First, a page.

|Media and Communication at
Lee National Denim Day
Advertisements connect breast cancer to stereotypical aspects of femininity like appearance, beauty, diet and exercise. Students connect to previous research (Signorielli, 1990), which questions why breast cancer is portrayed as a threat to femininity (e.g. appearance, family and romance) rather than as a mechanical and organic failure that has life threatening consequences. Similarly, feature articles do not discuss serious side effects from breast cancer; hair loss, sexual drive, and yellowed skin are predominantly mentioned, further emphasizing the magazines' emphasis on appearance and beauty.
Editorial content tends to frame breast cancer as an acute disease with a genetic risk factor, rather than a chronic disease with risk factors like alcohol, tobacco, oral contraceptives--the very foundation of the advertising revenue for the magazines. For instance, one vignette emphasized family history of breast cancer, but did not discuss that risk is increased for those women with a genetic first-degree association (e.g., mother or sibling). No other risks are mentioned, including social structural inequities, environmental causations or lifestyle determinants. It is important to note that genetic risk factors (family history or BRCA) account for only 5-to 10% of all breast cancer diagnoses.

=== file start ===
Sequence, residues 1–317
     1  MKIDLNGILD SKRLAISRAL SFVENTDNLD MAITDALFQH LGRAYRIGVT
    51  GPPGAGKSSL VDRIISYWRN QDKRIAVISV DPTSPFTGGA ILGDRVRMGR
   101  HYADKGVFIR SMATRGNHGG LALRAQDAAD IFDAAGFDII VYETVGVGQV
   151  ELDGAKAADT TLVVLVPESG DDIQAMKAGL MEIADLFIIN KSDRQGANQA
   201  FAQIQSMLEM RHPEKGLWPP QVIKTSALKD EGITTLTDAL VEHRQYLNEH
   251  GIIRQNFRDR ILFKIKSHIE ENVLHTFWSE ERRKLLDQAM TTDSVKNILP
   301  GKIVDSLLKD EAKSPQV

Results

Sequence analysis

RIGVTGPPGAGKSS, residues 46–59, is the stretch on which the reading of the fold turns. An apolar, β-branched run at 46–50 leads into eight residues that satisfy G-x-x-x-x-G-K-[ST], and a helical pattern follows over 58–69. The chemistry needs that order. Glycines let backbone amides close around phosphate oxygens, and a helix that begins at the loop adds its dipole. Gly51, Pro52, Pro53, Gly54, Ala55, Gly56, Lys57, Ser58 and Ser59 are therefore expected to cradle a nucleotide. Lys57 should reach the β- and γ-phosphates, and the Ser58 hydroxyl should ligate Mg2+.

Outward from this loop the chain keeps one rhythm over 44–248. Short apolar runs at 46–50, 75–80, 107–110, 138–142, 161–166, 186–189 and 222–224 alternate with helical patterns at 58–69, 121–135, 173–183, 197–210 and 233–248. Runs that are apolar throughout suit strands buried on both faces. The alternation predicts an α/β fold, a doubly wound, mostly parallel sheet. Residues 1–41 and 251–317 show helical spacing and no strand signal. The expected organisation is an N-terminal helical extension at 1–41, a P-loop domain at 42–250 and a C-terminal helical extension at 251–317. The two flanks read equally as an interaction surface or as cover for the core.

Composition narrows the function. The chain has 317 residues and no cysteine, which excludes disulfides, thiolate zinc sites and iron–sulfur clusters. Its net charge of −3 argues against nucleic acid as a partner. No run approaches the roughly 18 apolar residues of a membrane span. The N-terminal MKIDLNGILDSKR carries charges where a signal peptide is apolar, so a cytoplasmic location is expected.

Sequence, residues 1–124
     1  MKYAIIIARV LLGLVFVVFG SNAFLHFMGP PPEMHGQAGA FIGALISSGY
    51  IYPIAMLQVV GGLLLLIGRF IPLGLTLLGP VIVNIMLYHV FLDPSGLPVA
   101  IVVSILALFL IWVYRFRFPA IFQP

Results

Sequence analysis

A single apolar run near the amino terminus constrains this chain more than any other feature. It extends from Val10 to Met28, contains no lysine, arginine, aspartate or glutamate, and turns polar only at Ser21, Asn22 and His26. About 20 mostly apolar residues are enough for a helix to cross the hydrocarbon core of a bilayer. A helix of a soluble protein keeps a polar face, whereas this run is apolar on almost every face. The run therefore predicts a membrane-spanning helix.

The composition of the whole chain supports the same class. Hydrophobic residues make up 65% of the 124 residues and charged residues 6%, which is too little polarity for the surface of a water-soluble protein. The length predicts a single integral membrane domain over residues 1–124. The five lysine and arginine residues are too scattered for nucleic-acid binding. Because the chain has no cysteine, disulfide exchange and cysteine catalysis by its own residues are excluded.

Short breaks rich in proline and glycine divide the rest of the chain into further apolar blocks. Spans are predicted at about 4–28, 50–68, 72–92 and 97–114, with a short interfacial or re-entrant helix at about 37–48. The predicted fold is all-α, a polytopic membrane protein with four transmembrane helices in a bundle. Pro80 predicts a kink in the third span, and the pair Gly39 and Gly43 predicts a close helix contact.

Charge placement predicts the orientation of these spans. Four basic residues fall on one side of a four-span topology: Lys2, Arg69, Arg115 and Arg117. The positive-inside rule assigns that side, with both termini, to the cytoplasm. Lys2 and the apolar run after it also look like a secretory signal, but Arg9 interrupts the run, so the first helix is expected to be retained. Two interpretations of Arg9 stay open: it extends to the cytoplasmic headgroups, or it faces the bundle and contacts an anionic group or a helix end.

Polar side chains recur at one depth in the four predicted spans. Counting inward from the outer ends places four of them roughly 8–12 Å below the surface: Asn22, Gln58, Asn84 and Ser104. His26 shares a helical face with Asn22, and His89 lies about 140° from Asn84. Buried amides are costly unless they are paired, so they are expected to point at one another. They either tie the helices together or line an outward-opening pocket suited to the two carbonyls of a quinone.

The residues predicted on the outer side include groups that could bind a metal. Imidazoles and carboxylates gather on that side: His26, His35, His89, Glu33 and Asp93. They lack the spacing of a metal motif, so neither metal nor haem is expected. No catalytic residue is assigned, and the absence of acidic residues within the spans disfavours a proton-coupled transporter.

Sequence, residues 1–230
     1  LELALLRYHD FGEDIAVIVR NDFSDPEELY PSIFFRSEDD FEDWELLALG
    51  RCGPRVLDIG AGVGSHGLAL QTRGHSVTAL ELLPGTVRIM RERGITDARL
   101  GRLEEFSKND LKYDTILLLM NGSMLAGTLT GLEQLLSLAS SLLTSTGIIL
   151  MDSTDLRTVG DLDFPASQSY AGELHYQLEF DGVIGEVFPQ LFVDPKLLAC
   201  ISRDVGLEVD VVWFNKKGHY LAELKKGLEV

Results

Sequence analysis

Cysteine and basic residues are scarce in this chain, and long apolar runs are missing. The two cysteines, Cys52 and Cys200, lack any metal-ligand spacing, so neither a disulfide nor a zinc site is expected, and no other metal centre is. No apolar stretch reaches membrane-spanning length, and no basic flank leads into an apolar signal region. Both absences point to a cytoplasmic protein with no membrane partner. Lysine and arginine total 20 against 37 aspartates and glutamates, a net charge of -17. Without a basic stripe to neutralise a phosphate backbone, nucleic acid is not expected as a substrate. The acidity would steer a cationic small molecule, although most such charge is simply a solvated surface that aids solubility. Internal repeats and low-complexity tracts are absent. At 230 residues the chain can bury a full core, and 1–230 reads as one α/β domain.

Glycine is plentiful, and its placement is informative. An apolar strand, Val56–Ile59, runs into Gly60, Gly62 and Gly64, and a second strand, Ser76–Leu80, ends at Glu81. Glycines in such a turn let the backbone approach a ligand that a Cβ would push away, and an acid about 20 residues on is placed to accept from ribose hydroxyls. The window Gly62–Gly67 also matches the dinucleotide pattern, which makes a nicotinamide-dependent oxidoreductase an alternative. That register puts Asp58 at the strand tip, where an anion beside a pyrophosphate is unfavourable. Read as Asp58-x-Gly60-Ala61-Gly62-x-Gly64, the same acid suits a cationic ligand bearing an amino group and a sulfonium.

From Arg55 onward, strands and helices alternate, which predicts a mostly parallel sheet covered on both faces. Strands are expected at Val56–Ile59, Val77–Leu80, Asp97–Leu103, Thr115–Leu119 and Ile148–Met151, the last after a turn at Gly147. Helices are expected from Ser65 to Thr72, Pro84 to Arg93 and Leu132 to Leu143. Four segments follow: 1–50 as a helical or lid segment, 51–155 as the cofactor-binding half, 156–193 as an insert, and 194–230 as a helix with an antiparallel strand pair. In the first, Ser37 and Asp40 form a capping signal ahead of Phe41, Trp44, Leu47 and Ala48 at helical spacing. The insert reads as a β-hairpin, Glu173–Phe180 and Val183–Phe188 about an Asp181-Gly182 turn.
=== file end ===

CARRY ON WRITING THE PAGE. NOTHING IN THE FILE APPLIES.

Research suggests that older women are more frequently diagnosed with breast cancer, with the mean age being sixty-years old. An article in Effective Clinical Practice found that the mean age of women diagnosed with breast cancer in magazine vignettes was 41, indicating an overrepresentation of early breast cancer. Our examination of magazines revealed that magazine feature articles are currently doing a good job informing readers "breast cancer is not an epidemic among young women," (e.g., Glamour).
There is an unquestioned assumption in some media coverage that conventional medical treatment is the only appropriate reaction to a diagnosis of breast cancer. There is rarely a mention of nonallopathic treatments. For instance, Vogue describes the diagnosis and treatment of Eli Selden, then 43, a busy mother of three and Hollywood talent manager. The article mentions how Selden read the New England Journal of Medicine for information on breast cancer, which represents the biomedical perspective on the body. It also highlights advances in technology in the last 25 years pertaining to breast cancer treatments, further emphasizing the importance of technology (artificial, man-made remedies) versus natural ones (organic foods, megavitamins, herbal tonics, meditation, etc).